Steiffgal hopes this discussion on this really rare elephant has made a huge impression on you.

Have a question about one of your Steiff treasures? Let's talk! Click here to learn more.

Wednesday, November 9, 2022

This Cool Cat Novelty Is Really Hot Stuff!

Brrr... the temperature has shifted from 80 degrees to 40 degrees overnight so it’s definitely time to share something Steiff-y to warm the heart and soul! Check out this amazing cat doll that does double duty... making her totally hot stuff indeed. Have you ever seen this hybrid treasure before?

This Steiff functional novelty is called "Cook Cat Coffee Cozy."
She is 43 cm tall and is arm and head jointed. Her body and arms are made from red felt to resemble a shirt, her skirt is made from green felt, and her head and hands are made from white mohair. She wears her original white cotton apron. She come to life with pert triangular felt ears, early style green and black slit pupil glass eyes, and a hand embroidered pink nose and mouth. Her hollow body is lined in double thick felt to keep a pot of coffee, tea, or cocoa warm. She was made in this size only from 1906-1910.

Cook Cat Coffee Cozy was also produced with a bear's head or a rabbit's head. These heads were identical to the current rabbit and bear designs of the early 20th century. These cousins also measured 43 cm tall. The bear appeared in the line from 1906-1908 and the rabbit appeared in the line from 1906-1909. Like the cat version, these featured a mohair head and hands and were dressed in a red felt shirt, a green felt skirt, and a white apron. This happy group is a good example of Steiff's long tradition of "form and variation" - modifying a popular design slightly to produce a number of "new" products for their catalogs. You can see a picture of the "Cook Rabbit Coffee Cosy" here on the left; the photo is from Pfeiffer's 1892-1943 Sortiment book.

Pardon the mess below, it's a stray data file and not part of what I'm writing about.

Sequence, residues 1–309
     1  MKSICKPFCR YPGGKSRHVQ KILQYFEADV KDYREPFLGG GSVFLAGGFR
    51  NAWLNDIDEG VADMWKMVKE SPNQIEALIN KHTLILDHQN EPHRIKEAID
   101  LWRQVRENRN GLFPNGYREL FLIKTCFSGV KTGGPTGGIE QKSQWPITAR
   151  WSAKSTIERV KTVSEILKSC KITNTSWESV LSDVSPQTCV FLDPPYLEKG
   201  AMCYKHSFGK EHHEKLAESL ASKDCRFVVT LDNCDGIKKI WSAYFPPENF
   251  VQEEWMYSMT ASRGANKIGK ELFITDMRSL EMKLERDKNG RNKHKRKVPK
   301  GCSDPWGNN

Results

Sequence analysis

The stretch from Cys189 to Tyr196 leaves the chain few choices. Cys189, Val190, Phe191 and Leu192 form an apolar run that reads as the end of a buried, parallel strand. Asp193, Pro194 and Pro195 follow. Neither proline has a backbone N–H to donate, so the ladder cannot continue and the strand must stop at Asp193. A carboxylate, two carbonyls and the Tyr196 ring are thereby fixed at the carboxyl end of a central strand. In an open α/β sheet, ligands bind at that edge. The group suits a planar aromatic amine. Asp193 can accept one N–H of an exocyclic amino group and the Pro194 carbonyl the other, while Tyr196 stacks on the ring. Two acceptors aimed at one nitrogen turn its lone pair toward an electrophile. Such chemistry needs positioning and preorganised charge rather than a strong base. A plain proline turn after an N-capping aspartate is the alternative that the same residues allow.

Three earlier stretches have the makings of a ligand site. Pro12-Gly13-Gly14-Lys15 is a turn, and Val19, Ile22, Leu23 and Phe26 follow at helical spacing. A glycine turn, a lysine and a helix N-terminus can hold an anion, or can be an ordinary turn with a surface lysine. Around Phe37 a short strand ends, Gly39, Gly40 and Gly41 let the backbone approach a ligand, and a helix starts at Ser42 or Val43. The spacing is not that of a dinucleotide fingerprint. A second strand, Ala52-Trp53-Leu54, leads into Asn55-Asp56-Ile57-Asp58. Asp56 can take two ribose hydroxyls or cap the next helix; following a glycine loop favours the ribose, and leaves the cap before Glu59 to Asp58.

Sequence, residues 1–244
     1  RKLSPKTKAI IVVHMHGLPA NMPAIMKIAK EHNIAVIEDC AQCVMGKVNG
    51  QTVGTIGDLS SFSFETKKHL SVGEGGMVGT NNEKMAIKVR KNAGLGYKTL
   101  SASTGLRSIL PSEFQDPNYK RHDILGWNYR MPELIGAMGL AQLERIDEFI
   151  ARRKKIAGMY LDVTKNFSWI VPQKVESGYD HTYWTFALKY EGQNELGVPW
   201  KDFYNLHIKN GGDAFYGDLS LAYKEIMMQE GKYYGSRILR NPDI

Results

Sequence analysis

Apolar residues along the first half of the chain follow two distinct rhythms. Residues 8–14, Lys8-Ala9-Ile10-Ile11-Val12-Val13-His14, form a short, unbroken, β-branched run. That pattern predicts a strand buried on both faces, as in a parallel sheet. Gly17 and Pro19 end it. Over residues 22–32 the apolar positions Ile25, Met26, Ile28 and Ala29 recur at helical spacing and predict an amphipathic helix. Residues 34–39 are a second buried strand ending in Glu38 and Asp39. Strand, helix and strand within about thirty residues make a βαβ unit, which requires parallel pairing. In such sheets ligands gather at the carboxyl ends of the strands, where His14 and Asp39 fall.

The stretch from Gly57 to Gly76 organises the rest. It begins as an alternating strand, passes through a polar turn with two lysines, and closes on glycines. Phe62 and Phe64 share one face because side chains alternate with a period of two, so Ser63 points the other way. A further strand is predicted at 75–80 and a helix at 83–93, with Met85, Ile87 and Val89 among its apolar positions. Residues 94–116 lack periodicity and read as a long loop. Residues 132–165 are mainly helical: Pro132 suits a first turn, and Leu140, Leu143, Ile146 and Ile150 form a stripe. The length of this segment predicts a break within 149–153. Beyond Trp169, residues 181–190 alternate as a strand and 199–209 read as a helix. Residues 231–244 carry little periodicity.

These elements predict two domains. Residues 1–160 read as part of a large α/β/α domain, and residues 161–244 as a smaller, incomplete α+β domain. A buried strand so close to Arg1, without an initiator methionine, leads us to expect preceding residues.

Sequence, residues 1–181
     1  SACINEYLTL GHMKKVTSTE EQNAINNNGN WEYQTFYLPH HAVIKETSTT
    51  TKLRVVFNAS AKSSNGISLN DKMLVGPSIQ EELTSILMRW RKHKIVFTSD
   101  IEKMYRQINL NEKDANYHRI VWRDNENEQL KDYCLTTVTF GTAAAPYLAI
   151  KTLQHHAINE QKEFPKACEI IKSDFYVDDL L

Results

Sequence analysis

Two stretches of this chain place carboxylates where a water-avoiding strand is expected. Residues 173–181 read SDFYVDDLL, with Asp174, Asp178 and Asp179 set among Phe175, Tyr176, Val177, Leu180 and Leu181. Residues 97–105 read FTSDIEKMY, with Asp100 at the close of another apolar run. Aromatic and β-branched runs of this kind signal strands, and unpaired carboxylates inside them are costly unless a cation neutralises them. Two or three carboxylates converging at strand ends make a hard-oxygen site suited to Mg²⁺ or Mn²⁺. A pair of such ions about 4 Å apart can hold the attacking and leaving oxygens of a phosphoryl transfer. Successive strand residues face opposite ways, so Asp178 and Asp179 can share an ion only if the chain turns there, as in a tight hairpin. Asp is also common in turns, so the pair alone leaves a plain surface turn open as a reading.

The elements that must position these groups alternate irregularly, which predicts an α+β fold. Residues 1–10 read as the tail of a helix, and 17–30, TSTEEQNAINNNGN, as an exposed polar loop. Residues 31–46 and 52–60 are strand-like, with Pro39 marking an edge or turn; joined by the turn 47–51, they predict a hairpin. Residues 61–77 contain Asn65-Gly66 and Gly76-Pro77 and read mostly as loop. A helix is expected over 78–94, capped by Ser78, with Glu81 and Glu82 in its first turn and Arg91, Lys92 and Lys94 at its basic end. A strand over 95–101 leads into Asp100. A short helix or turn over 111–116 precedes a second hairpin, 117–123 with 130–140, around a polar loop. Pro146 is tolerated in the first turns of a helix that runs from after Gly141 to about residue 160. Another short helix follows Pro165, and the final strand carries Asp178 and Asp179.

Cook Cat Coffee Cozy - and her bear and rabbit friends - are based on Steiff's earliest character coffee warmer which debuted in 1904.
This was a cozy in the form of Mama Katzenjammer from the popular comic strip the Katzenjammer Kids. She was called "Cook Coffee Cozy." Cook Coffee Cozy also wore a red and green felt dress and white apron, but had a felt head and fingered hands that resembled her character. Cook Coffee Cozy was made in four sizes ranging from 43-100 cm from 1904 through 1943 overall. Her longevity in the line indicates how popular she was over nearly four decades. 
You can see a picture of the "Cook Coffee Cosy" here on the left; the photo is from Pfeiffer's 1892-1943 Sortiment book. 

This fantastic feline fits right into Steiff's early 20th century product development timeline and history.
The Giengen company is well known for producing functional novelties for home, school, and work use in addition to the company's plush animal, doll, and bear production. This tradition goes back to the late 1800s, when Margarete Steiff produced and marketed a series of oversized, embroidered felt "pockets" designed as newspaper holders, bed wall bags, duster holder bags, and brush holders, among others. Other early and mostly prewar novelties include egg cosies, pen wipes, and pincushions. These rarities are treasured among collectors today.

Steiffgal hopes you found this discussion on Cook Cat Coffee Cozy the pause that refreshes.

Have a question about one of your Steiff treasures? Let's talk! Click here to learn more.